Under my father's management, the company was soon producing about 400 to 600 guns a day--up from about 12 a day. They also opened a sister company in the same factory making belt buckles with a gun-oriented theme--my father was in charge of that too. If you want to read more about this little-known piece of history, go here:
https://www.si.com/vault/1977/05/23/621771/collectors-are-getting-a-bang-out-of-inexpensive-antique-firearm-kits

My Dad also consulted for Dan Wesson Firearms and was integral in correcting the issues they were having with their .357 interchangeable barrel pistol. For obvious reasons, these ventures are not mentioned in his book.

Just a side note: My Dad was an avid golfer and he was good, I mean really good! He was also an avid and accomplished bowler. Being a die-hard engineer, just about everything in our house had been modified to work better in some way. In his later years, he took up the organ and oil painting--both of which he excelled at.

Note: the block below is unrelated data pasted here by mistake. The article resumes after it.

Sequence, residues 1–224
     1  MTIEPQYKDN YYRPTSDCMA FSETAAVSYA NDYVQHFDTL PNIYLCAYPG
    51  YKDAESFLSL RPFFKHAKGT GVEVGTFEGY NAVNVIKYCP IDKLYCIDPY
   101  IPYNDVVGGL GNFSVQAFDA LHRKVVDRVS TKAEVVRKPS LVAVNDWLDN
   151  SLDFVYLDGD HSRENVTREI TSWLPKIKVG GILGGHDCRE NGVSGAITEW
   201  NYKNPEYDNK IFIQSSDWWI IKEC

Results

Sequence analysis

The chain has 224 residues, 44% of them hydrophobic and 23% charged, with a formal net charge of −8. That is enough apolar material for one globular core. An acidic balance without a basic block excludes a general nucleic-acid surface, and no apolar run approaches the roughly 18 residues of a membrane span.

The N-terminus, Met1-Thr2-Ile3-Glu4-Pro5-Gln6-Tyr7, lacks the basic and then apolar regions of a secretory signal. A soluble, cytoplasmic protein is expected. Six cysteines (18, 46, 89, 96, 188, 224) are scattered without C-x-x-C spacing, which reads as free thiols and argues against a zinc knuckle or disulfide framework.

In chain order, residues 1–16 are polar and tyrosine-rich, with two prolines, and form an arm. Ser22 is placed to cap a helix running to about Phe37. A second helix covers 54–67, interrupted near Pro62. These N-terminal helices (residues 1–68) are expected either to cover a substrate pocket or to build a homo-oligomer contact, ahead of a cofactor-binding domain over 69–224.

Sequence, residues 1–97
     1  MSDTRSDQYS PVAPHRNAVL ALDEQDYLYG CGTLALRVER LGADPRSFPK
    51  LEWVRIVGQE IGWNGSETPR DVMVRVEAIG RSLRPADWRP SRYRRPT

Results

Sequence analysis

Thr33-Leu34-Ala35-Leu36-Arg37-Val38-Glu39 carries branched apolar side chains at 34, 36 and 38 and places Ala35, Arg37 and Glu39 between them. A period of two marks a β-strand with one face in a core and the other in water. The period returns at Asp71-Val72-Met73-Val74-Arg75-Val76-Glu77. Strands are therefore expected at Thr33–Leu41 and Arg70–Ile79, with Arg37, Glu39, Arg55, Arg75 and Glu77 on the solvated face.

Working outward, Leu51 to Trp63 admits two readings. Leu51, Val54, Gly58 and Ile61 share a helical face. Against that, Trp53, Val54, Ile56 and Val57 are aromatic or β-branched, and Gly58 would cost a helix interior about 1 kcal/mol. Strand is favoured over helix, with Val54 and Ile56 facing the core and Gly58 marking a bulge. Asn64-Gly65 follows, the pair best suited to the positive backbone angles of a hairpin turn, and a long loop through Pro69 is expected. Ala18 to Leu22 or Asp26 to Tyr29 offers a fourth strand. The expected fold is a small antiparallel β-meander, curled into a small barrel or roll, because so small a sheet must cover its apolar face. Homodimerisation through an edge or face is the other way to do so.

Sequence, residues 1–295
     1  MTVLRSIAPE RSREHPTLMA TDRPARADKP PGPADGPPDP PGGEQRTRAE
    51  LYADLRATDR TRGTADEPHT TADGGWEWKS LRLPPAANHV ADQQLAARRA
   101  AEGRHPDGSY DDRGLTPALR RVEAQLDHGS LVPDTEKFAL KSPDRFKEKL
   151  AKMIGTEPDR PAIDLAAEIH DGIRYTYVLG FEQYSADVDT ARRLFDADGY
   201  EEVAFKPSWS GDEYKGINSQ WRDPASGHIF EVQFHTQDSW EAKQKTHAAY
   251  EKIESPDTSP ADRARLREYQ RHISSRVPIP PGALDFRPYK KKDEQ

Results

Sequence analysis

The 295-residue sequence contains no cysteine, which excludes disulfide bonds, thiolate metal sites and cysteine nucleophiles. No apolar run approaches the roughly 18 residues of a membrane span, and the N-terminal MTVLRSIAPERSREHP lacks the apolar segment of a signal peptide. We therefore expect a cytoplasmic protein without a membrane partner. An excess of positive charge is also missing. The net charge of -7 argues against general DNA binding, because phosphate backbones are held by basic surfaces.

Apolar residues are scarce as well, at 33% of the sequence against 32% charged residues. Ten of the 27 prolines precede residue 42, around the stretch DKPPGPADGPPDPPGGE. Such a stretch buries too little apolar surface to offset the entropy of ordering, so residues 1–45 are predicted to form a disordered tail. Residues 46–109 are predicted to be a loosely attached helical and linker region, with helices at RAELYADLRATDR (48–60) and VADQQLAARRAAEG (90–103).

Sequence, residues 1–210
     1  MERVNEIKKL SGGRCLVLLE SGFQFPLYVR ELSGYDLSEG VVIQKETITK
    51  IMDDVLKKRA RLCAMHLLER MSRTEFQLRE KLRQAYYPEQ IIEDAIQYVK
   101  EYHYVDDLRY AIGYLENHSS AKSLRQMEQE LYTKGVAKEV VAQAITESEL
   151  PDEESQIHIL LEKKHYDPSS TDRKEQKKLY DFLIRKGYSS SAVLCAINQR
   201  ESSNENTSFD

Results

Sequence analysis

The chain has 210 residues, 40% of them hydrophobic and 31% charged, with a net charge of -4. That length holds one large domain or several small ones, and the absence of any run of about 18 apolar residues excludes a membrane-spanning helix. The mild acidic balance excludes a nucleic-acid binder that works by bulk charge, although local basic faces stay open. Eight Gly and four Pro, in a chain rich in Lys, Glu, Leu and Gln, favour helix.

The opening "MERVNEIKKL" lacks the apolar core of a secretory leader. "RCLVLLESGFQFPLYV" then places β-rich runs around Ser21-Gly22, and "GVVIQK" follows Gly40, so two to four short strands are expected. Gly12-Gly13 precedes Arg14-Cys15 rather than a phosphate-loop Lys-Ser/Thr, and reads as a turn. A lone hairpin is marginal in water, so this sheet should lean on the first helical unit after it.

Best,

Dean W. Charron
 

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I got the download off the Blue Forum and can highly recommend it.
When I clicked on the link, I did not see a "download" anywhere. What am I missing? Would love to download it and read it later